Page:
by Rick Kirk
After 40 years of wandering in the wilderness, the people of Israel were once again on the verge of entering the land of milk and honey. They were now near River Jordan in Moab. The ‘land of Gilead as far as Dan, all Naphtali and the land of Ephraim and Manasseh, all the land of Judah as far as the Western Sea, the South, and the plain of the Valley of Jericho, the city of palm trees, as far as Zoar’ (Deut 34:1-3) that God promised to Abraham, Isaac and Jacob was a mere distance away. All it needed was for the Israelites to enter the ‘good land which the LORD our God is giving us’ (Deut 1:25) and take it. Moses needed all hands on deck, and that meant all able men from all tribes were to be armed, prepared and ready to support one another in the final push into Canaan and conquer it. Victory was very close! It was at the door!
Then it happened. Filled with the lust of the eyes, the tribes of Reuben and Dan decided the land east of River Jordan was an ideal ‘place for livestock’ (Num 32:1). They approached Moses, Eleazar the priest and the leaders of Israel to request permission to remain and take possession of that choice land as they owned ‘a very great multitude of livestock’.
Moses then asked of them, “Shall your brethren go to war while you sit here?” (Num 32:6). Shall your brothers fight the Canaanites, sacrifice themselves, shed blood and do all the work while you choose to sit back? Will you not support the cause, effort, work and fight together with your brothers?
He was disappointed and upset that such a request came at an inopportune time. At a time when all able-bodied men ought to be available to enter Canaan and go to war against the current inhabitants of the land. The Israelites were at war in a land that the Lord had given them. It was a time when all tribes were expected to be united together as one man, single-minded and focused, just as they did against the tribe of Benjamin when the concubine of a Levite was killed (Judg 20:11). Therefore the bid to stay and remain on the rich and fertile land of Jazer & Gilead by the two tribes displeased Moses as he feared their action will discourage the people and incur the wrath of God once again. He reminded them of the consequences of the actions by their fathers forty years earlier when the disbelieving spies caused the people of Israel to lose heart and were banished to the wilderness for four decades. This latest act of selfishness would not be appreciated by the rest of the people of Israel who may suffer yet again at the hand of God.
Believers of Jesus Christ ought to be united through the Word (John 17:21). We are “to speak the same thing, and that there be no divisions among us, but that we be perfectly joined together in the same mind and in the same judgment” (1 Cor 1:10), and also do ‘good works which are good and profitable unto men’ (Titus 3:8). We are to “look out not only for our own interests, but also for the interests of others”. (Phil 2:4)
Jesus had noted that “the harvest truly is great, but the laborers are few; therefore pray the Lord of the harvest to send out laborers into His harvest” (Luke 10:2). There is a great need for workers who are willing to roll up their sleeves and put their hands to the plow. Christ is fully aware of the urgency to harvest (“Do you not say, ‘There are still four months and then comes the harvest’? Behold, I say to you, lift up your eyes and look at the fields, for they are already white for harvest!” John 4:35) as He observe, recognize and know that the harvest is now and on-going. What is urgently required are willing workers.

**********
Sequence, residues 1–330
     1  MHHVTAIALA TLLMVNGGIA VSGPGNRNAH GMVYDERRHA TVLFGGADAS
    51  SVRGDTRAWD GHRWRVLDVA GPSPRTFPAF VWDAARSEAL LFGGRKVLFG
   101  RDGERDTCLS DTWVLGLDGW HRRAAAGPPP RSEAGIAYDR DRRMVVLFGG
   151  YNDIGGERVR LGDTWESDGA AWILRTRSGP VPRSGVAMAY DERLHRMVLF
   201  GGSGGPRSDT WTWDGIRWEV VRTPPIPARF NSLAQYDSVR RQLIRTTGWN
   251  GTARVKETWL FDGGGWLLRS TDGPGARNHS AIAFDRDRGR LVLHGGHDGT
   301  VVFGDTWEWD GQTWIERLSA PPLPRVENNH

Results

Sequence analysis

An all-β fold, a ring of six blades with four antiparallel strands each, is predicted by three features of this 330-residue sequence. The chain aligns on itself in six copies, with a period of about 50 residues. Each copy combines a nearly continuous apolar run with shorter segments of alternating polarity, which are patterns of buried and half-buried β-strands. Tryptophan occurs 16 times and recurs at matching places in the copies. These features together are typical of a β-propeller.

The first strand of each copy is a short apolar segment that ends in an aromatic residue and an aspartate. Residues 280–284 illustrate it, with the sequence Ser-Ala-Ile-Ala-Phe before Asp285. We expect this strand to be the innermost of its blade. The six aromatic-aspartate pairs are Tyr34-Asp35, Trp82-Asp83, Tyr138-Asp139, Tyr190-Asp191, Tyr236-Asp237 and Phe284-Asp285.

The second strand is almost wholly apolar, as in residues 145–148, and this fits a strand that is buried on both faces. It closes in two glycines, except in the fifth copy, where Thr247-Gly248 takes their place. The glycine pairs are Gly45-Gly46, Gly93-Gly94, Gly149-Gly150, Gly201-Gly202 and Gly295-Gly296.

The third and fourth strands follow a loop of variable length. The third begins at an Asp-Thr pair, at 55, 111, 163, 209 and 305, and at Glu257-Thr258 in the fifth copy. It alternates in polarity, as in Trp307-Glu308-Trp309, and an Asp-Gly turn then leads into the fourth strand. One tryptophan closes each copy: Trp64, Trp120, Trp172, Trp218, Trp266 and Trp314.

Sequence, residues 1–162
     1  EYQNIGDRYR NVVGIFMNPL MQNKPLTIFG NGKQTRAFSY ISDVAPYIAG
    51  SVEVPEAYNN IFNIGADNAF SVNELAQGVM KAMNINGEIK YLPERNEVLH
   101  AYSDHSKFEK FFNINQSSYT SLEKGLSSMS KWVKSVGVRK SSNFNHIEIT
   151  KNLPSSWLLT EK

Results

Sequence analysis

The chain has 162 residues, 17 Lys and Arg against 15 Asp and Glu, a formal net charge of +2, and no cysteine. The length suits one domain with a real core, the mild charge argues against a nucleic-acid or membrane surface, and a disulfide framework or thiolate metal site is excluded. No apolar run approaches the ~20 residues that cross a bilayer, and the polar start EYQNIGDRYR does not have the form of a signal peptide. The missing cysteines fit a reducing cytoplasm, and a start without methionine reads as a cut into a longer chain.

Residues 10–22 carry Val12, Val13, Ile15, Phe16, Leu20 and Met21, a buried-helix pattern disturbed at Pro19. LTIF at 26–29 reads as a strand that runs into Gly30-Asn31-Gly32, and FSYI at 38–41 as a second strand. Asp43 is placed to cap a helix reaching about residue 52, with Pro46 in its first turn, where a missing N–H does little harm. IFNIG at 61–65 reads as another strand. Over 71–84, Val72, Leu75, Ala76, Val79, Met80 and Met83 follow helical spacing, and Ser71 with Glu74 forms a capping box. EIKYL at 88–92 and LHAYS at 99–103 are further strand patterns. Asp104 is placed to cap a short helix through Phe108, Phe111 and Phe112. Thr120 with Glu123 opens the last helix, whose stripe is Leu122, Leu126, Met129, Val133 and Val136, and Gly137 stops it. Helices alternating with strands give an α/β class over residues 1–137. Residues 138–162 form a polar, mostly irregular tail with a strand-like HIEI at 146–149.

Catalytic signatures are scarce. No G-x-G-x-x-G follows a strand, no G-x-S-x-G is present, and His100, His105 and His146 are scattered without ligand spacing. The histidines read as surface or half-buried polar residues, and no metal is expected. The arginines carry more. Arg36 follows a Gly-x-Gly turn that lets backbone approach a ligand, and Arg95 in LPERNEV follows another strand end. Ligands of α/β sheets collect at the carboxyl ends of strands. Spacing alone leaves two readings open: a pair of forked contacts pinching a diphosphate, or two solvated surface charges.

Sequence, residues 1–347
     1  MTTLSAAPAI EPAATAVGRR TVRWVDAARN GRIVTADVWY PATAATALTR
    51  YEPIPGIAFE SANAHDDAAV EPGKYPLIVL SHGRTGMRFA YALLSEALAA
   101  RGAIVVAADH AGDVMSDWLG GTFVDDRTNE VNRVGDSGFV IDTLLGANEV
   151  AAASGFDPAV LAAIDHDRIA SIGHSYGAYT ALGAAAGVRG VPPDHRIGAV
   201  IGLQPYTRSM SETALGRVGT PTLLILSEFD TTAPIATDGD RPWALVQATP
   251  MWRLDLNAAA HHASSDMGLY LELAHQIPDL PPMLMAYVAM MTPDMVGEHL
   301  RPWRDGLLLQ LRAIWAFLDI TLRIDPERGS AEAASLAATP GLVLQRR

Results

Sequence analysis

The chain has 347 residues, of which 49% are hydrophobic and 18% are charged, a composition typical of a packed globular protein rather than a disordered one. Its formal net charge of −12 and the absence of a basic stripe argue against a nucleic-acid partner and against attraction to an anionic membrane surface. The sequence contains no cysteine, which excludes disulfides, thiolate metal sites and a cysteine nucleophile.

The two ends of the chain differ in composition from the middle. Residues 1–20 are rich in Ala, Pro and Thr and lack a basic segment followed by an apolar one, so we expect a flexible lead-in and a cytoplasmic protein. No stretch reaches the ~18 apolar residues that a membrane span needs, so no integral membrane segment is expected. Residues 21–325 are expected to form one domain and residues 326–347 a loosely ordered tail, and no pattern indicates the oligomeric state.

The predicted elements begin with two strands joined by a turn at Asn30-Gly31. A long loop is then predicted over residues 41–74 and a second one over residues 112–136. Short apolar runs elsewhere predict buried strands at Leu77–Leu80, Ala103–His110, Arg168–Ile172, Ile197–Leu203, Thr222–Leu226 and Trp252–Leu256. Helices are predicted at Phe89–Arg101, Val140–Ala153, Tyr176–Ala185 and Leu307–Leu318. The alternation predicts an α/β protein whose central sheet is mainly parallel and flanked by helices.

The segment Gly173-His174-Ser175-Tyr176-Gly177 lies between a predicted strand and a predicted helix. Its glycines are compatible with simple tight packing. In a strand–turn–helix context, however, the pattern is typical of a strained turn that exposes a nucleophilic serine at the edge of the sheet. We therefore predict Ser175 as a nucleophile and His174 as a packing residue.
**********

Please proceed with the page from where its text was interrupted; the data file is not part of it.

Many years ago, I was heading towards Klang North on a motor cycle. The traffic moving in the same direction seemed to have come to a standstill. I rode on until I noticed a car had broken down on the road on a slight incline. The driver could not restart the car to move it to the road shoulder so that the congested traffic can be eased. He was helpless.
I stopped to lend a hand to push the car whilst the driver remained in the driver’s seat to maneuver to the side of the road. When another man and I tried to push the car, we had great difficulty moving it. Thinking the driver may have forgotten to release the hand brakes, I then approached the driver to inquire if he had released the brakes. It was then I peeked into the car and noticed 3 amply endowed ladies were sitting in the car. After I had requested them to alight, we managed to push the car easily onto the road shoulder. The ladies were fully aware of the problems a stalled car would pose to the traffic condition. They could have offered to make our effort lighter by getting down, yet decided to remain in the car.
Just like the people of Reuben and Gad, we can be distracted by the cares of the world, comfortable lifestyle and self-centeredness. They saw a land good for their flocks and decided they must have it immediately, forgetting that the work before them was not yet complete. Let no one seek his own, but each one the other’s well-being (1 Cor 10:24) especially in the good works before us. We are all fellow workers (Rom 16:3, 9, 21) and fellow servants (Col 1:7; 4:7). All of us are in it together. The talents given to each of us are our responsibility to be used to the best of ability for the good of all.
Do we sit in the car or are we out there pushing the car? Let’s not sit in the car as the tribes of Reuben and Gad were wont to do in Gilead. But if you do so, then take note, you have sinned against the LORD; and be sure your sin will find you out (Num 32:23)